For me, these people's stories were a challenge to a view of sexuality (which at the risk of being accused of po-mo political correctness I'm tempted to label 'heterosexist') which sees it as based simply on the attraction of polar opposites, and fails to recognise that individuals are often attracted to each other by qualities that have little to do with their belonging to the 'other' gender (and indeed might find appealing in members of the same sex, if they were able to fight free of heterosexual conditioning). I remember reading an interview some time ago with a female writer - someone who had been in both heterosexual and same-sex relationships, but was now single. The interviewer asked her which gender her next partner would be, to which the writer replied that she had no idea - it would depend on the person. Incidentally, the ex-policeman's experience is also a riposte to those who would dismiss gender and sexual quality as an elite, metropolitan 'lifestyle' issue (see this post).
Other good news on the gender/sexual equality front: the USA is about to get its first lesbian poet laureate, while it looks likely that the excellent and openly gay Rachel Maddow will soon be hosting her own show on MSNBC. Anyone keen to dismiss Maddow as a stereotypical leftie on account of her stint at Air America and background in HIV advocacy should note that her dad was an air force captain in Vietnam and that she describes herself as a defence-policy wonk and 'national security liberal'.
Speaking of transsexualism: have you seen Hercules and Love Affair? Disco electronica is not usually my thing, but I love the way this band not only challenge gender stereotypes but also deconstruct the whole idea of what a band should be. Their core membership consists of a gay man, a lesbian and a transsexual, but audiences and critics have often got confused about who is which. What can you say about a band whose presiding genius is a geeky bearded guy who looks as though he's still playing in his bedroom, whose backing singer has virtually no stage presence, and who feature a celebrity vocalist (Antony of 'and the Johnsons' fame) on their debut album, but then replace him for their first world tour with the virtually unknown club singer Nomi? Incidentally - could the latter be the most convincing male-female transsexual ever? Judge for yourselves:
A propos of this post about the Israel-Lebanon prisoner exchange: today's Guardian carries an interview with released child-killer Samir Kuntar, and Linda Grant comments here. It seems I was wrong to identify Kuntar with the quasi-fascist Hezbollah. Although they were happy to co-opt his cause for their own purposes, it appears Kuntar is actually a Druze and former member of Marxist-Leninist organisations. Far from being a homeless Palestinian whose crime could be 'explained' as a response to oppression, he's from a wealthy background and was educated at private schools. As Grant writes:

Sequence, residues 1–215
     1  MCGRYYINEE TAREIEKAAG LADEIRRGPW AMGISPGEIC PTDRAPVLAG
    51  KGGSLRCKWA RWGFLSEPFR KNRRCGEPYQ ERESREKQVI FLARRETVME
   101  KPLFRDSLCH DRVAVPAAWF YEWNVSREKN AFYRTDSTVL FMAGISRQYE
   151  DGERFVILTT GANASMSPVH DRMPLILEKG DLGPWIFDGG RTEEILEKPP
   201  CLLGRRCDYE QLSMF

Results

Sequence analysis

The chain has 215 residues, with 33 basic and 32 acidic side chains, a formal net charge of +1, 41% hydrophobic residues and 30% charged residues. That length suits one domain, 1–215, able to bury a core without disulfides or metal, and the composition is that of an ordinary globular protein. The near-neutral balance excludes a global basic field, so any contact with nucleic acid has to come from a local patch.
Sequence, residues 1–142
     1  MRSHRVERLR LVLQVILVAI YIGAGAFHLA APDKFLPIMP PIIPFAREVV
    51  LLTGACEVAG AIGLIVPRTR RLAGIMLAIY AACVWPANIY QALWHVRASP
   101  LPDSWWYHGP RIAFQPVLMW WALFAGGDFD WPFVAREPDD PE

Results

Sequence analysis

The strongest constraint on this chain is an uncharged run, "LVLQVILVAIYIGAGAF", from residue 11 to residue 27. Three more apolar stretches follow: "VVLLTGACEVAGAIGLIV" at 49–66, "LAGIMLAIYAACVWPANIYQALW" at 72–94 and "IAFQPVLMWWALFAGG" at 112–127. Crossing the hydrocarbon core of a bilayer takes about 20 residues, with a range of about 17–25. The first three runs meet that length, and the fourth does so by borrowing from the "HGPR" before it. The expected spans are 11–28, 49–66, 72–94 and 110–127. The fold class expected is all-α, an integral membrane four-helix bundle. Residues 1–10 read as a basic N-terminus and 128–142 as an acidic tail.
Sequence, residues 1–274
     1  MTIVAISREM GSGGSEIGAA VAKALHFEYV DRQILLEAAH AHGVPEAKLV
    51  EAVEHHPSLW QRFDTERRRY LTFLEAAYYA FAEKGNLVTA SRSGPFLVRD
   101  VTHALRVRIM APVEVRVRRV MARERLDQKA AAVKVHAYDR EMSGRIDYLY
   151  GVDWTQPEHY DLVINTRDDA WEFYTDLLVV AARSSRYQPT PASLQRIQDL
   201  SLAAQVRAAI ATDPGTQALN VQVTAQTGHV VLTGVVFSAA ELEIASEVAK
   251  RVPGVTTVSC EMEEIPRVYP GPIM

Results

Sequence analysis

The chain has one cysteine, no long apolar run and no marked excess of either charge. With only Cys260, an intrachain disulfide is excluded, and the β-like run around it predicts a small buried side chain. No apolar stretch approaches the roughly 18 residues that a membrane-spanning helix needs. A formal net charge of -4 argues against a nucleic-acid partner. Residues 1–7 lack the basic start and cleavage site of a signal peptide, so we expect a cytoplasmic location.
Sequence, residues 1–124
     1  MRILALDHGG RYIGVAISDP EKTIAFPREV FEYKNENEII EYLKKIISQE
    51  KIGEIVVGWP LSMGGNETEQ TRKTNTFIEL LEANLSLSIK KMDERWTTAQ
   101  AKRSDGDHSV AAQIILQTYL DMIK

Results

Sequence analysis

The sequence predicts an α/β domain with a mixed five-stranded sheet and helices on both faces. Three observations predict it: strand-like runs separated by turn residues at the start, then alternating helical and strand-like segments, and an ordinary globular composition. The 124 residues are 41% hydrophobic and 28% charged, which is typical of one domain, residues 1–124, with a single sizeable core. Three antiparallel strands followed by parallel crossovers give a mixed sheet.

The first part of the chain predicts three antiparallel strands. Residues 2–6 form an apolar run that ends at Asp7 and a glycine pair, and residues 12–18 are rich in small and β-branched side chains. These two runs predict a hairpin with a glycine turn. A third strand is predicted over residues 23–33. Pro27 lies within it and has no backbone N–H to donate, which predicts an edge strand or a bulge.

Kuntar fits no model of the impoverished refugee driven to despair by occupation. Nor can he be seen within the context of Iranian-backed Islamism. When he emerged from prison last week it was as a relic of a bygone age: of that era of self-appointed middle-class revolutionaries, like the Weather Underground and Baader-Meinhof Gang.
Individuals like him - affectless, without empathy - have always played leading roles in revolutionary movements. Drawn to political organizations of the far left and far right, they are people who have the passion and the excitement for violence, the glamour of violence. Those who are motivated by a desire for the alleviation of poverty or the redressing of injustice, lack the thirst for blood.
In his alliance of convenience with Hezbollah, Kuntar provides a further example of the far left and far right finding common ground in antisemitism, and (as I suggested before) a perverse and monstrous choice as a Lebanese national hero.
Twenty or so years ago, when I was going through what I grandly term my Greek phase (basically, when the only holidays we could afford were in bare rooms over tavernas, with cold showers and hole-in-the-ground toilets, but which left me with an abiding enthusiasm for Greek history, politics and culture), I was quite keen on the music of Mikis Theodorakis. I don't mean all that commercial Zorba stuff, but his more serious compositions, and especially his settings of the great twentieth-century Greek poets. Having heard some of this music emanating from doorways on remote Aegean islands, I searched high and low back in the UK to find recordings of his work (this was in pre-internet days) and eventually came across a scratched and jumping LP in a little Greek secondhand bookshop on Charing Cross Road.
The album paired the compositional skills of Theodorakis with the magnificent, keening voice of Maria Farantouri. A particular favourite of mine was Theodorakis' setting of 'Epitaphios', a poem by Yannis Ritsos, a communist and, like Theodorakis, part of the resistance to the neo-fascist regime of the Greek colonels (underwritten, as I mentioned here, by the CIA). I remember asking an adult education colleague who had been born in Greece if she knew where I could find a translation of Ritsos' poems, at which she began to cry. His name brought back memories, she said, of the hopes that had inspired people like her after the defeat of the Nazis, before those hopes were trampled on by the colonels.